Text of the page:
Matthew 23-24, Psalm 93
In the movies one of the highlights is generally when the "bad guy" gets what's coming to him either physically, verbally or both. Many remember Arnold Schwarzenegger saying the famous line in Terminator 2, "Hasta la vista, baby". One of my favorite movies, The Patriot, ends with Benjamin Martin played by Mel Gibson delivering some final words before killing in battle the wicked Colonel Tavington. Though this is the movies, we must all step back and ask ourselves if we also derive pleasure "setting the record straight"? Do we contrive elaborate conversations which often never actually occur how we will tell someone what we really think? Do we derive any pleasure at all telling someone off, even if the truth is on your side? Though this is a natural human reaction, this is not the example of our Savior who delivered the comments necessary, but who literally weeped for them for having to do so.
We read in Matthew 23, Jesus delivering His seven woes to the Pharisees. He begins by making a general statement in 23:2-4, "The scribes and the Pharisees sit in Moses' seat. Therefore whatever they tell you to observe, that observe and do, but do not do according to their works; for they say, and do not do. For they bind heavy burdens, hard to bear, and lay them on men's shoulders; but they themselves will not move them with one of their fingers." He goes on further to describe their hypocritical nature in 23:13,15, "But woe to you, scribes and Pharisees, hypocrites! For you shut up the kingdom of heaven against men; for you neither go in yourselves, nor do you allow those who are entering to go in...Woe to you, scribes and Pharisees, hypocrites! For you travel land and sea to win one proselyte, and when he is won, you make him twice as much a son of hell as yourselves." As we read this pronouncing of woes by Jesus and certainly if you were one of His disciples, you would have probably said it is about time that He finally told them off and took the offensive in this fight. But then we truly see the heart of Jesus after delivering this rebuke to the scribes and Pharisees in 23:37, "O Jerusalem, Jerusalem, the one who kills the prophets and stones those who are sent to her! How often I wanted to gather your children together, as a hen gathers her chicks under her wings, but you were not willing!"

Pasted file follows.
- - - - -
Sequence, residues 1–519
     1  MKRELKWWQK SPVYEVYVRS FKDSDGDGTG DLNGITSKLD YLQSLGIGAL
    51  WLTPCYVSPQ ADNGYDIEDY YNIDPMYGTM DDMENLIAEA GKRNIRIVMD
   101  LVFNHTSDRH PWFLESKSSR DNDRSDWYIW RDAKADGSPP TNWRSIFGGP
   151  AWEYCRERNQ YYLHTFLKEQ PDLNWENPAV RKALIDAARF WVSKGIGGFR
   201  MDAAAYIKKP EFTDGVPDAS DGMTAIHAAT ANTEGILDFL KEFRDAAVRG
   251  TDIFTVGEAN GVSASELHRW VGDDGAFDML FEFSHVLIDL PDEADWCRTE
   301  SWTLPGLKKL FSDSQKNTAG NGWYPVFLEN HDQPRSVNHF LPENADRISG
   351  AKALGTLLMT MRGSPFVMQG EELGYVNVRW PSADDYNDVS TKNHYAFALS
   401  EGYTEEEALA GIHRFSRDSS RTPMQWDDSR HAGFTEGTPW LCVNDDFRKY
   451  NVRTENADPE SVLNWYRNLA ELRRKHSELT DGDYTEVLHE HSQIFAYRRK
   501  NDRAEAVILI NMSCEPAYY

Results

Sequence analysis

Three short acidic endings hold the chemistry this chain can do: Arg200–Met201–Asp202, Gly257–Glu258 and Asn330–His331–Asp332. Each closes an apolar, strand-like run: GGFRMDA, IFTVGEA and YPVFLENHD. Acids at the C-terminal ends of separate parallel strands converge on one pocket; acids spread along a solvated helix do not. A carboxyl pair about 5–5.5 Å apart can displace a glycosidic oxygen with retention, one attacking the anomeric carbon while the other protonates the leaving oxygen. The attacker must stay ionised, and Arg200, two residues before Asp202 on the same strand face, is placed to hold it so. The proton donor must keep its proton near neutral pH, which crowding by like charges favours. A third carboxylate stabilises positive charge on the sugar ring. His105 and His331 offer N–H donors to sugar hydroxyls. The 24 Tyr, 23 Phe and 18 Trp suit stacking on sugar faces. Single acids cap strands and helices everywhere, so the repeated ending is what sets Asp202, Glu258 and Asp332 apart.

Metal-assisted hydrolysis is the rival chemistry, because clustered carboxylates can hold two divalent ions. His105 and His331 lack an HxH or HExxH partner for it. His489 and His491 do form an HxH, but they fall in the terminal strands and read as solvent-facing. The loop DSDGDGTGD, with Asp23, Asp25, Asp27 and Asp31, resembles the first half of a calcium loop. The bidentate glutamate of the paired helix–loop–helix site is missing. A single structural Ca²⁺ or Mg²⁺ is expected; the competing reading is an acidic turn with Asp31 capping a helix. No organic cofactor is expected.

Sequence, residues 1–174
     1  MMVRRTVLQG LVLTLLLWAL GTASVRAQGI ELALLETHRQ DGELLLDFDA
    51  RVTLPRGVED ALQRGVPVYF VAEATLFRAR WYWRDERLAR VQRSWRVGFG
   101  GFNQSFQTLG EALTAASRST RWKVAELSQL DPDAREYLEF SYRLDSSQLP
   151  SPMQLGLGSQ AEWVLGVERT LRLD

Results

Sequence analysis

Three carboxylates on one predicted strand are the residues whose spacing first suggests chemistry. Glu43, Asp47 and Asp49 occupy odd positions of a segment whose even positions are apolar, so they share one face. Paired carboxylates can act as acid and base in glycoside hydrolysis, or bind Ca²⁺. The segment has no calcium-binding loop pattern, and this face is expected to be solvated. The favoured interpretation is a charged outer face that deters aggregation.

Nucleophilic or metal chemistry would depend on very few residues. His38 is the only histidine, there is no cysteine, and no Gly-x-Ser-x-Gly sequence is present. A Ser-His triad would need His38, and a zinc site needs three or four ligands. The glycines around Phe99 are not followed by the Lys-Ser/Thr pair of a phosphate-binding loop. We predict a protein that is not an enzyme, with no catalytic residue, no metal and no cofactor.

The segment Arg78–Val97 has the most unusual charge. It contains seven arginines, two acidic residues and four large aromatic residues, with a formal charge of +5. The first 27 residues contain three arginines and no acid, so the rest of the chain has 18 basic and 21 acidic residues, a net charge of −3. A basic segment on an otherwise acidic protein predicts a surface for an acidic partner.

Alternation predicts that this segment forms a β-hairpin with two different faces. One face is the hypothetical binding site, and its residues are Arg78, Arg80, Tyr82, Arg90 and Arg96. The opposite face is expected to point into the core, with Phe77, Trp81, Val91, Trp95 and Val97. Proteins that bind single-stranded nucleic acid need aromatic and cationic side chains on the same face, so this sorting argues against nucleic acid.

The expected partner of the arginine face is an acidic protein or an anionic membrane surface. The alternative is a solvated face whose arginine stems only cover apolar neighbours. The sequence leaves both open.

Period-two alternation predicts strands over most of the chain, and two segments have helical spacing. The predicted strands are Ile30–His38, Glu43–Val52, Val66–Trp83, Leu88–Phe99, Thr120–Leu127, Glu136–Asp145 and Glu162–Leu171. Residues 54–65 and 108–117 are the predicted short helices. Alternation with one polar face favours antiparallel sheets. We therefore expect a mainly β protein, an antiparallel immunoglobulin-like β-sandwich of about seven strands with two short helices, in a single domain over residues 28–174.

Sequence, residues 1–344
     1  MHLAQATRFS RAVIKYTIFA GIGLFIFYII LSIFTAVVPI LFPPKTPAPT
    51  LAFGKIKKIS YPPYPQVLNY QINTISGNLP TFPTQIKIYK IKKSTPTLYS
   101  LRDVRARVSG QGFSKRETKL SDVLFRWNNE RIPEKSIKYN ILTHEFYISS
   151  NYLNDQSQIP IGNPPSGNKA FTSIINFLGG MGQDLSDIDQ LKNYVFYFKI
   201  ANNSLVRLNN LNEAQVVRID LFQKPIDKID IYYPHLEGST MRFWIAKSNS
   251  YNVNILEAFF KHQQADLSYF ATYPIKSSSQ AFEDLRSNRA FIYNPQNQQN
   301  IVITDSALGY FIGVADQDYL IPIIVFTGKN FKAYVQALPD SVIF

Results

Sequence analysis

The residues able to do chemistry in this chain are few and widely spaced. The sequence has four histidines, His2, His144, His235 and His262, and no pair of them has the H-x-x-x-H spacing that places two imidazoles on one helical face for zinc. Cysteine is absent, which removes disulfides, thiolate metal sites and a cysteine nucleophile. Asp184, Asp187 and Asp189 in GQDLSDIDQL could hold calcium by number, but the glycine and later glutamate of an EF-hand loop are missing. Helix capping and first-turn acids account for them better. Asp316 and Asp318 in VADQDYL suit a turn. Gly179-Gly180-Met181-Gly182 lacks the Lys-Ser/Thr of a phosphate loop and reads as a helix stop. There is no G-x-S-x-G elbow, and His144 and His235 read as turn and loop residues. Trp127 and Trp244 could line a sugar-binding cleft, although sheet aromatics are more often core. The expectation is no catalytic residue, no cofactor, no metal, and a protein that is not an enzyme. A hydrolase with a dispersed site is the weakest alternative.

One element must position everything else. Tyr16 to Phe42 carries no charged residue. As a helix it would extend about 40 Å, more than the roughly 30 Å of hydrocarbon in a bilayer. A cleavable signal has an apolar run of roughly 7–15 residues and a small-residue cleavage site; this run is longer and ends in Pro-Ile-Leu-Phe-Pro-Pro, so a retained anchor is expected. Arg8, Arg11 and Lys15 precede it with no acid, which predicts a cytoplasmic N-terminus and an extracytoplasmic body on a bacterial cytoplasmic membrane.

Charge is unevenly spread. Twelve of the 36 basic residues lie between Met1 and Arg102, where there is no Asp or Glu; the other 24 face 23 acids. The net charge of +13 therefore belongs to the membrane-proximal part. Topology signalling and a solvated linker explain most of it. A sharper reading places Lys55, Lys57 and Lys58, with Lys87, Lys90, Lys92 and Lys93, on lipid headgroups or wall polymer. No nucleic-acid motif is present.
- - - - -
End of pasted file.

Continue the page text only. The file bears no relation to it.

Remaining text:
We must all step back and ask ourselves what is the condition of our heart for those who wrong us. The truth must be spoken, but is it done so with righteous indignation or with love. Reflect on political debates and bantering. There is no love on either side of the aisle, just a determination to defeat and humiliate the opposing side. We are not to live our lives this way. Like our Savior, truth is truth and strong and difficult conversations are often necessary, but as Paul said in Ephesians 4:15, we are to speak the truth in love. If we are angry and can't do that we should step back for a little while until we have controlled our emotions and have allowed mercy and grace to be at the core of our character. We should not deflect from these conversations but our purpose should be towards restoration, not triumph and demoralization. This holds true in every relationship including family, friends, and co-workers. This also holds true for strangers as many feel the need to tell off other drivers who in our minds are wrong 100% of the time. I never forget how upset my almost 90 year old father was when his driving skills were not what they were, and he would be at the receiving end of comments like, "get off the road, old man," etc. He was at an age when this was true and he soon stopped driving, but woe to those drivers who made this beautiful man feel this way at that age. So, we have a choice when delivering a message, whether to beat someone in triumph or whether to restore someone in love. The facts don't change, only the method of delivery does.
Messages from Pastor Lloyd Pulley: